This is exactly the problem that arises when people start deliberately conflating religion with politics (or sports, for that matter). The Battle of Iwo Jima is like Jesus' crucifixion how exactly? Seriously, are these people on glue? It's a jumbled stew of incoherence and creepy symbolism, frankly, and I'm sorry, but I think it's a good thing that these folks find themselves disempowered for a while. Kansas sounds like a swell place to start a pyramid scheme or similar rube-gulling grift, but not much more than that apparently.

They make important decisions on a hodgepodge of selective readings of Bronze Age superstitions, and I'm supposed to wonder how my party can peel off some slivers of that sweet electoral goodness? Uh, no thanks. They can keep fighting the Gog and Magog battles in their fever dreams, with John Kerry or Hillary Clinton or whatever stand-in for the week gets their juices flowing. Or they can believe that God cares two shits about nine guys making lots of money playing a kid's game. Whatever floats your little boats, fellas.

I think that what really bugs me about these people is how they cheapen the notion of the truly spiritual. I don't personally believe this stuff, but it seems that it should be about cultivating a sense of wonder that there might be a binding force out there greater than oneself, not getting balls-up over political circuses and scanning teammates' lockers for Playboys. They belittle their own beliefs far more than we heathens ever could, simply by reducing them to such absurd worldly concerns. As for the ones who voted for Bush in '04 and are now finally having buyer's remorse, fuck 'em. This is what you wanted, this is what you got.


thedevilzone said...

I think that what really bugs me about these people is how they cheapen the notion of the truly spiritual. I don't personally believe this stuff, but it seems that it should be about cultivating a sense of wonder that there might be a binding force out there greater than oneself, not getting balls-up over political circuses and scanning teammates' lockers for Playboys.

That's why I personally prefer the terms "philosophical", "reflective", or "contemplative" to "spiritual", which to me is just a vague, evasive, noncomittal way of believing the same old bullshit. I've never once met a person who described themselves that way and actually had anything interesting or original to say. Same metaphysics, same ethics, same mind/body dualism and the same old tired prosaicisms. But just because they don't go to church or rely on one particular tradition, instead treating all the world's religions as a Whitman's Sampler there for the discerning American consumer to pick through and accessorize their inner life, they tend to have a somewhat fatuous self-satisfaction that annoys the hell out of me (if you hadn't noticed).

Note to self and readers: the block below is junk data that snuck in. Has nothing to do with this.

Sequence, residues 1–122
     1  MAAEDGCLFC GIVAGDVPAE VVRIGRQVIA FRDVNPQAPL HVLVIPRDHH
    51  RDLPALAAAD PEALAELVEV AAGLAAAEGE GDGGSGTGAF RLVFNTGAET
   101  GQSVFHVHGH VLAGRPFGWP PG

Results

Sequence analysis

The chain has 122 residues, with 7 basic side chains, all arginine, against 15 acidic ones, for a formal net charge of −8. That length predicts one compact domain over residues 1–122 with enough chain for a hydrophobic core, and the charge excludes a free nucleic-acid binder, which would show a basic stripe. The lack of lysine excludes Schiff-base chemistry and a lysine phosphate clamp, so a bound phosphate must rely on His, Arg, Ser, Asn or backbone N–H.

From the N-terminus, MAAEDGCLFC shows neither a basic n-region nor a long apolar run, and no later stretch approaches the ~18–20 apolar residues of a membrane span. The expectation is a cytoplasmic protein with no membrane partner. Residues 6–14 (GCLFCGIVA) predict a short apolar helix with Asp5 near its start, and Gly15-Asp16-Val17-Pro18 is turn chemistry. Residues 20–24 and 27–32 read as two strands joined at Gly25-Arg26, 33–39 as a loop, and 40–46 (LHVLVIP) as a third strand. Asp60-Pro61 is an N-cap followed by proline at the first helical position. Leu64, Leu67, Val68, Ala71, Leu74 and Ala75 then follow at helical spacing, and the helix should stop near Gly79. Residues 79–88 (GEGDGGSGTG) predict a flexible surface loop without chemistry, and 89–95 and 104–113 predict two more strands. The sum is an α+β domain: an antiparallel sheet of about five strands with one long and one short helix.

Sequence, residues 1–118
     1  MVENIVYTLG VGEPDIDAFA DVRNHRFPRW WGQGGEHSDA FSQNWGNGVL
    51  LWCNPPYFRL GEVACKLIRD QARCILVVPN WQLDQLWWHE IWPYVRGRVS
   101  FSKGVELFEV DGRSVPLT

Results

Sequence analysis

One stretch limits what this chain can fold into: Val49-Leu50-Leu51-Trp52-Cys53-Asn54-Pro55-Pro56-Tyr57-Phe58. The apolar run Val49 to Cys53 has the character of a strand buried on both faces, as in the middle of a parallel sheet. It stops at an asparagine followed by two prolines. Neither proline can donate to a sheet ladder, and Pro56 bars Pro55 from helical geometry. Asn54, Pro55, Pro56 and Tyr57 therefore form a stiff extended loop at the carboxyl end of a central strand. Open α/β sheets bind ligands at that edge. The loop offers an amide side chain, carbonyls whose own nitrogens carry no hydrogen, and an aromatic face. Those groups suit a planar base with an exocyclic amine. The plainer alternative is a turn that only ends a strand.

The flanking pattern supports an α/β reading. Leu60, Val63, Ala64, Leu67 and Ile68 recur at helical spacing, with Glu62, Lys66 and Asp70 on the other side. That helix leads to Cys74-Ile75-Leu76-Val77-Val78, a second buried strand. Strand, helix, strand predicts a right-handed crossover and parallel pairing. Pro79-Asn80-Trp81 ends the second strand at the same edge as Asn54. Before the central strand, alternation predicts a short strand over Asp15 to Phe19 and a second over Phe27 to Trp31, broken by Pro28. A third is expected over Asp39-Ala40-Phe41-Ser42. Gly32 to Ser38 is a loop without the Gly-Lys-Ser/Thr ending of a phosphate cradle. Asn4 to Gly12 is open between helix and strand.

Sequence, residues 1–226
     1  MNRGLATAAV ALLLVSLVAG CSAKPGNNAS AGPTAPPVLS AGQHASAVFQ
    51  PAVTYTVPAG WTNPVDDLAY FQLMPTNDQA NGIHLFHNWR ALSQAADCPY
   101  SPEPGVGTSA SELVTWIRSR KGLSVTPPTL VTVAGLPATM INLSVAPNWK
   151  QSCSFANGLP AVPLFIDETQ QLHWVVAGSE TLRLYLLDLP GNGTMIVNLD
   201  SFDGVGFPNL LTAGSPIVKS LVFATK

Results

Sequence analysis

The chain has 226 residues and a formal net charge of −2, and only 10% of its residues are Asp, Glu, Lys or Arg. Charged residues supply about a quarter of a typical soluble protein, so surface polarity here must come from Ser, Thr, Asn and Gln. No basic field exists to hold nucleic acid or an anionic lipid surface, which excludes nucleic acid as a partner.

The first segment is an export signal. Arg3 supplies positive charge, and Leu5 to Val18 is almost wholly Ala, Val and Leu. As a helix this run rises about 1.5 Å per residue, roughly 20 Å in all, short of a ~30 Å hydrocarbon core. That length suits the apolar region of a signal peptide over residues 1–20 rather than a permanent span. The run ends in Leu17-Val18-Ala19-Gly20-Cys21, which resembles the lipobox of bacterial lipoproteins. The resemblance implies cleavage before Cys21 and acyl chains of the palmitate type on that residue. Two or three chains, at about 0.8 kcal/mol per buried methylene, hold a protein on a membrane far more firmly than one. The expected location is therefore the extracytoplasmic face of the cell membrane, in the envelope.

To be crystal clear: I'm not defending quote-unquote organized religion; I'm just adding that the much ballyhooed alternative really ain't much different. Point taken about the crassness of what most people seem to think God wants them to spend their time doing, of course. Though it's unfortunately not confined to Christianity; I remember reading a Buddhist magazine years ago that had a debate going on over the course of a few issues regarding whether or not sex was a distraction from enlightenment, and there were way too many ascetics wrinkling their noses at anything remotely earthly for my taste. They seemed like they'd be just as content sniffing around people's bedrooms or protesting sex toys as any fundamentalist Christian.

I think the Sphinx, from the movie Mystery Men, is one of the best parodies of the kind of thing I'm griping about:

Blue Raja: Well, there's The Sphinx.
Mr. Furious: Who?
Blue Raja: The Sphinx.
The Shoveler: Yeah, I've heard of this guy. He's a big crime-fighter down east.
Mr. Furious: What's his power?
Blue Raja: Well, he's terribly mysterious.
Mr. Furious: That's his power, he's mysterious?
Blue Raja: He's TERRIBLY mysterious, actually.
The Shoveler: Yeah, plus he can cut guns in half with his mind.

The Sphinx: When you care what is outside, what is inside cares for you.

He who questions training only trains himself at asking questions.

You must lash out with every limb, like the octopus who plays the drums.

To learn my teachings, I must first teach you how to learn.

You must be like wolf pack, not six-pack.

When you can balance a tack hammer on your head, you will head off your foes with a balanced attack.

woodguy said...

"I'm sorry, but I think it's a good thing that these folks find themselves disempowered for a while"

"disempowered"? Pardon me, but how about disemboweled?

What chaps my ass more than anything is that these wizards retain their tax exempt status while politicking from the pulpit.